ORIGINAL RESEARCH article
Volume 8 - 2020 | https://doi.org/10.3389/fped.2020.00011
Feasibilty of Transcutaneous pCO2 Monitoring During Immediate Transition After Birth—A Prospective Observational Study
- 1Research Unit for Neonatal Micro- and Macrocirculation, Department of Pediatrics, Medical University of Graz, Graz, Austria
- 2Division of Neonatology, Department of Pediatrics, Medical University of Graz, Graz, Austria
- 3NICU “V. Buzzi” Children's Hospital, ASST-FBF-Sacco, Milan, Italy
- 4Institute for Medical Informatics, Statistics and Documentation, Medical University of Graz, Graz, Austria
Background: According to recommendations, non-invasive monitoring during neonatal resuscitation after birth includes heart rate (HR) and oxygen saturation (SpO2). Continuous transcutaneous monitoring of carbon dioxide partial pressure (tcpCO2) may further offer quantitative information on neonatal respiratory status.
Objective: We aimed to investigate feasibility of tcpCO2 measurements in the delivery room during immediate neonatal transition and to compare the course of tcpCO2 between stable term and preterm infants.
Methods: Neonates without need for cardio-respiratory intervention during immediate transition after birth were enrolled in a prospective observational study. In these term and preterm neonates, we measured HR and SpO2 by pulse oximetry on the right wrist and tcpCO2 with the sensor applied on the left hemithorax during the first 15 min after birth. Courses of tcpCO2 were analyzed in term and preterm neonates and groups were compared.
Results: Fifty-three term (gestational age: 38.8 ± 0.9 weeks) and 13 preterm neonates (gestational age: 34.1 ± 1.5 weeks) were included. First tcpCO2 values were achieved in both groups at minute 4 after birth, which reached a stable plateau after the equilibration phase at minute 9. Mean tcpCO2 values 15 min after birth were 46.2 (95% CI 34.5–57.8) mmHg in term neonates and 48.5 (95%CI 43.0–54.1) mmHg in preterm neonates. Preterm and term infants did not show significant differences in the tcpCO2 values at any time point.
Conclusion: This study demonstrates that tcpCO2 measurement is feasible during immediate neonatal transition after birth and that tcpCO2 values were comparable in stable term and preterm neonates.
Neonatologist are confronted with the complexity of monitoring transition from intra- to extra-uterine life. It is a multi-step event, characterized by rapid physiological changes in respiratory, cardio-circulatory and metabolic status.
The decrease in partial pressure of oxygen and the increase in that of carbon dioxide (pCO2) followed by respiratory acidosis is one of the main triggers for initiation of breathing (1). After proper and effective establishment of respiratory function, the exchange of CO2 and O2 should reach a steady state.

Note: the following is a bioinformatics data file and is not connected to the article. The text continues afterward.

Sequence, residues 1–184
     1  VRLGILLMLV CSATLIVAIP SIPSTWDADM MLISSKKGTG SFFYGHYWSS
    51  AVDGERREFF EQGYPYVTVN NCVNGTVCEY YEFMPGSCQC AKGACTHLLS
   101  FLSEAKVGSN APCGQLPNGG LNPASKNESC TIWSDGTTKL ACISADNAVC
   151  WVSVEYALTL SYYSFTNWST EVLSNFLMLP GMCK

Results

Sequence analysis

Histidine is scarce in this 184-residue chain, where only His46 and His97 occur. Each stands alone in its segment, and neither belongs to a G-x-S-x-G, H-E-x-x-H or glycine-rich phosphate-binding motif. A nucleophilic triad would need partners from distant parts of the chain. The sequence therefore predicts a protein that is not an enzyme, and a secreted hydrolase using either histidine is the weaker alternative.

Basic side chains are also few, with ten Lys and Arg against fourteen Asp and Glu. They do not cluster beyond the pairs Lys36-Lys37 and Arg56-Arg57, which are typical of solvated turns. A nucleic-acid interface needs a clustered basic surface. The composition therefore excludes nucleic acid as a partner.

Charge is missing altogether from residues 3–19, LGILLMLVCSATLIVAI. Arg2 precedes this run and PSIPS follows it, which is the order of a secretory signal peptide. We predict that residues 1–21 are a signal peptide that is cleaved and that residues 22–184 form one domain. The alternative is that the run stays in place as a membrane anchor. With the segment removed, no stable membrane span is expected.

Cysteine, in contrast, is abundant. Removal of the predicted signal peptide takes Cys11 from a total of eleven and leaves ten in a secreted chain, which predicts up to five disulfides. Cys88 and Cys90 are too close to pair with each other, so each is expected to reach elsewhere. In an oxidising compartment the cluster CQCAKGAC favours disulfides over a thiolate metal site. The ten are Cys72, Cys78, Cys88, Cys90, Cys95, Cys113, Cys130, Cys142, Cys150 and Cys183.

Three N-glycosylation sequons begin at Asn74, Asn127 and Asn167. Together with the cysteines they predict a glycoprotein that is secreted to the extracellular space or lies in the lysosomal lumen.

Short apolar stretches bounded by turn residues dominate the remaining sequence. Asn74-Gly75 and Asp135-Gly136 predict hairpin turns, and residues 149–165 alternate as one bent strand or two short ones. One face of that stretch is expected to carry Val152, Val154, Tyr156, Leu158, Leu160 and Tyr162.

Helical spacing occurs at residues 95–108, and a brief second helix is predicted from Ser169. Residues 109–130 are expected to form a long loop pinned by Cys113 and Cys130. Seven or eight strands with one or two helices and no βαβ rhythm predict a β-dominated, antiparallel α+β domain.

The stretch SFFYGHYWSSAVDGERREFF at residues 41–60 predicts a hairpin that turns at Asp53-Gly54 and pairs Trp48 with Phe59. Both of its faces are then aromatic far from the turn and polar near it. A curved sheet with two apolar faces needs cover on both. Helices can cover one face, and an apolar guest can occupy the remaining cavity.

To date, there are different methods and devices to assess oxygenation and cardio-circulatory status during neonatal transition. The most widespread monitoring is pulse oximetry, a non-invasive mode to detect heart rate (HR) and peripheral oxygen saturation (SpO2). It is recommended as standard practice in the delivery room (DR) by current international guidelines (2). Reference values for both parameters during immediate transition are available (3, 4).
Although gas exchange problems may be frequent events during immediate post-natal transition, there is currently no evidence on the role of CO2 and continuous pCO2 monitoring in the DR. Moreover, uncertainty remains about its feasibility and reliability in this setting.
In this study we aimed to evaluate the feasibility of transcutaneous pCO2 (tcpCO2) monitoring in stable neonates during the first 15 min after birth. Moreover, we compared tcpCO2 values between term and preterm neonates without need for any intervention immediately after birth. We hypothesized that tcpCO2 monitoring during immediate transition after birth is feasible and that term and preterm neonates differ in tcpCO2 during this phase.
A prospective observational study was conducted from October 2015 to June 2018 at the Division of Neonatology, Department of Pediatrics and Adolescent Medicine, Medical University of Graz, Austria. Institutional ethical approval (EC number: 27-465 ex 14/15) and written parental consent were obtained before inclusion. Term and preterm neonates born by cesarean section without any intervention immediately after birth were included in the study. Exclusion criteria for this analysis were congenital malformations and/or need for cardio-respiratory support.
Monitoring was performed during the first 15 min after birth. As soon as the neonate was placed on the resuscitation table in supine position, a pulse oximeter probe was applied on the right wrist and HR and SpO2 were measured using the IntelliVue MP50 monitor (Philips, The Netherlands). The tcpCO2 sensor (TC Sensor 84, Radiometer RSCH GmbH, Thalwil, Switzerland) was applied on the infant's left hemithorax and values were displayed on a separate monitor (IntelliVue MP70, Philips, The Netherlands). In accordance with the manufacturer's guidelines, the sensor's temperature was set at 39°C, the lowest level for tcpCO2 measurements. The fixation of the tcpCO2 sensor was observed continuously and data were only recorded when the sensor was in place and remained attached to the skin.